Also add one ounce of yeast nutrient for every 100 lbs. of grapes. Your yeast culture should be mixed into the crushed grapes (now called “must”). Stir it in thoroughly after eight to twelve hours. The must should be stirred twice a day until fermentation begins. The beginning of fermentation will be obvious, as the grape skins will be forced to the surface, forming a solid layer (called a “cap”).

Punching the Cap:

The CO2 produced will lift and suspend a “cap” of crushed grapes above the juice. Punching the cap is simply using a large, sanitized spoon or cap-punching tool to push the grape material back into the must. Stir up the yeast at the bottom of the fermenter as well. This allows the CO2 and heat to escape as well as improves the color and flavor development of the wine, among other things. Once the cap has formed, it should be pushed or “punched” back down into the fermenting juice twice a day until it is ready to-be pressed. Our Wine Cap Punch Down Tool comes in very handy for this step. You’ll want to “punch the cap” 2-6 times daily. That’s a lot of attention to your wine – be sure to punch the cap at least 2 times a day. To an extent, the more you punch the cap the better – it will aid your wine in several ways. As you are punching the cap, it’s a good idea to check the fermentation temperature as you are doing so. **Note for white wines: Punching the cap is not necessary on white wine juice since the skins and seeds have already been pressed and removed.

Most of the sugars will be fermented away in about a week, but times will vary due to fermentation temperature, amount of yeast pitched, and other factors. After about 7 days, you’ll want to start checking the sugar level of the must. You can test the sugar level of the juice with a hydrometer (be sure to get a pure sample of juice without much sediment). When the hydrometer reads around -1.5° to -2°, it means the Brix value has reached 0°, and it’s time to press. We also offer Clinitest tablets, which make testing the Brix level a breeze.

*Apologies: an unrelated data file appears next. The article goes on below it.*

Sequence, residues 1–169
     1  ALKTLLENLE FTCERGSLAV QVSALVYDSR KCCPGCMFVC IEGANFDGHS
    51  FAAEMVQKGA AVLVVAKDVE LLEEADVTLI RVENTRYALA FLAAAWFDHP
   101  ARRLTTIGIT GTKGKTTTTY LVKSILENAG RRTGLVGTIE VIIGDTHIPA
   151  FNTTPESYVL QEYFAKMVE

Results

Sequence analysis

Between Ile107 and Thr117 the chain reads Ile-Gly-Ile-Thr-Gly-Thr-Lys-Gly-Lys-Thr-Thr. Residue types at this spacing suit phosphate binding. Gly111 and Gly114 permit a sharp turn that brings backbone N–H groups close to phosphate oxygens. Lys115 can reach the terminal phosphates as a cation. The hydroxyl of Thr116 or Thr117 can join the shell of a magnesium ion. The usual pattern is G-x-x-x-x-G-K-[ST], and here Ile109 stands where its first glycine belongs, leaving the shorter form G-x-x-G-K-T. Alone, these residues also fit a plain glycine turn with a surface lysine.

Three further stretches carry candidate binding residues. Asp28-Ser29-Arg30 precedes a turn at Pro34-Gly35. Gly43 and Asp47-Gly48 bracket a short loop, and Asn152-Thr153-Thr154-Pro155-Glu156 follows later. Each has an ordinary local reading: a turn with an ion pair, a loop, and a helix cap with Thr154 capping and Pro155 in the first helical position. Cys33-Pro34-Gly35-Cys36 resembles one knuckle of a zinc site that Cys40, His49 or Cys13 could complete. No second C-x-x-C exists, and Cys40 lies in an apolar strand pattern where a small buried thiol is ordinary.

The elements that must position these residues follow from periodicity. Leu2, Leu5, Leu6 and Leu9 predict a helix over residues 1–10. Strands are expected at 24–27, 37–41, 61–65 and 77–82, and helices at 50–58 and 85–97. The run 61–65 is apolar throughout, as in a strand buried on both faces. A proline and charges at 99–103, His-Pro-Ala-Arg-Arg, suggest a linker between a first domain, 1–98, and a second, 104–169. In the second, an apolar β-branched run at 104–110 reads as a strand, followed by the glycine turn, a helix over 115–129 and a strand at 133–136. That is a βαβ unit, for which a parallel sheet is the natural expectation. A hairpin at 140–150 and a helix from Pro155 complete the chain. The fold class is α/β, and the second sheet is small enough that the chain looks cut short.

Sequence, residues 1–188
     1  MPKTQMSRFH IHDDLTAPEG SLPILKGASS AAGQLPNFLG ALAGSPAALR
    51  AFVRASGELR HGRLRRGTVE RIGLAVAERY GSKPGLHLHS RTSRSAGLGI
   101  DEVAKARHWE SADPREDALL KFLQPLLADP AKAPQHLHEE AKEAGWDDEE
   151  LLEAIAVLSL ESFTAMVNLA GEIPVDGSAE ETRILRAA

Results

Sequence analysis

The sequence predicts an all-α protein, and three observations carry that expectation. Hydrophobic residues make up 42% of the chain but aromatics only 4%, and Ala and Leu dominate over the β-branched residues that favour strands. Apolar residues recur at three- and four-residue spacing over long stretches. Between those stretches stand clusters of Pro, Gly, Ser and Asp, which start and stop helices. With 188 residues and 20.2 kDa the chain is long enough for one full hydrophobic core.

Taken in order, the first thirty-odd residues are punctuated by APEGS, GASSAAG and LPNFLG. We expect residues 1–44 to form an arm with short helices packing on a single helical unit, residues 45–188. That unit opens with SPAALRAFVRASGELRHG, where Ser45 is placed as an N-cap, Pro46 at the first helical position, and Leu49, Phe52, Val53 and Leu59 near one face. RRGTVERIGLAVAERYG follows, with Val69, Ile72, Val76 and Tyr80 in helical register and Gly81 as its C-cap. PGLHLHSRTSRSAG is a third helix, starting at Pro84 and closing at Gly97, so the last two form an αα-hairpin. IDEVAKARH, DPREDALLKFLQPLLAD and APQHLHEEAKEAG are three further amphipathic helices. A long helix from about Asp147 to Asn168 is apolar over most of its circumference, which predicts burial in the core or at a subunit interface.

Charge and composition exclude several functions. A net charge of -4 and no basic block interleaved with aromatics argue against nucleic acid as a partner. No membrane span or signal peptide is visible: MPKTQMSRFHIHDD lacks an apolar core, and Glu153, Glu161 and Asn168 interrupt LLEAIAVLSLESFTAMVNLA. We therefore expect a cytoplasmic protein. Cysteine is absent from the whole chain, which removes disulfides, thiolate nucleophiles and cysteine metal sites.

Pressing the Must

**Note for white wines: If you are making white wine from frozen grapes, you can skip this step.

For red wine, when the desired level of color has been achieved (anywhere from four days to several weeks of active fermentation), your wine should be pressed to separate the wine from the skins. When doing small batches, you can use a nylon straining bag and your hands to squeeze the fermented juices out of the grapes. A ratchet press or bladder press is an even easier pressing option and we have several sizes of both types available for purchase. See our full guide on using a ratchet press.

Move the must to the press and be sure to have a collection vessel below the press outlet. Some of the juice will flow freely (called “free-run” juice), and is considered higher quality juice than the pressed juice due to fewer harsh tannins being extracted from the grapes. Some winemakers opt to separate the free-run juice from the pressed juice (“press-run”) and store them separately. You could blend the two later if you desired. It’s also fine to simply combine the free-run and the press-run and age together. Be sure to sample and taste the press run-off to know when to stop pressing. You’ll know to stop when the runoff starts to taste astringent. Consider sulfiting the spent grape skins and using them to add extra structure to a Winexpert wine kit.

Funnel the wine into cleaned and sanitized 6 gallon carboys or other containers that can be purged of oxygen, filling them no more than 3/4 full. For the most part, you want to prevent oxygen from entering your wine from this point forward. Attach a stopper and airlock, and allow the containers to sit until all visible signs of fermentation have ceased (at least three or four days).

Within 24-48 hours after pressing and transferring to your temporary storage container(s), you’ll want to transfer off the sediment (called gross lees) that has collected at the bottom. This particular type of sediment can lead to offflavors in your wine if left in contact with your wine too long. Transfer into cleaned and sanitized carboy(s) leaving minimal headspace.

When the wine is about half to two thirds fermented, most red wines should be inoculated with malolactic bacteria (either before or after pressing).

Malolactic Fermentation (MLF)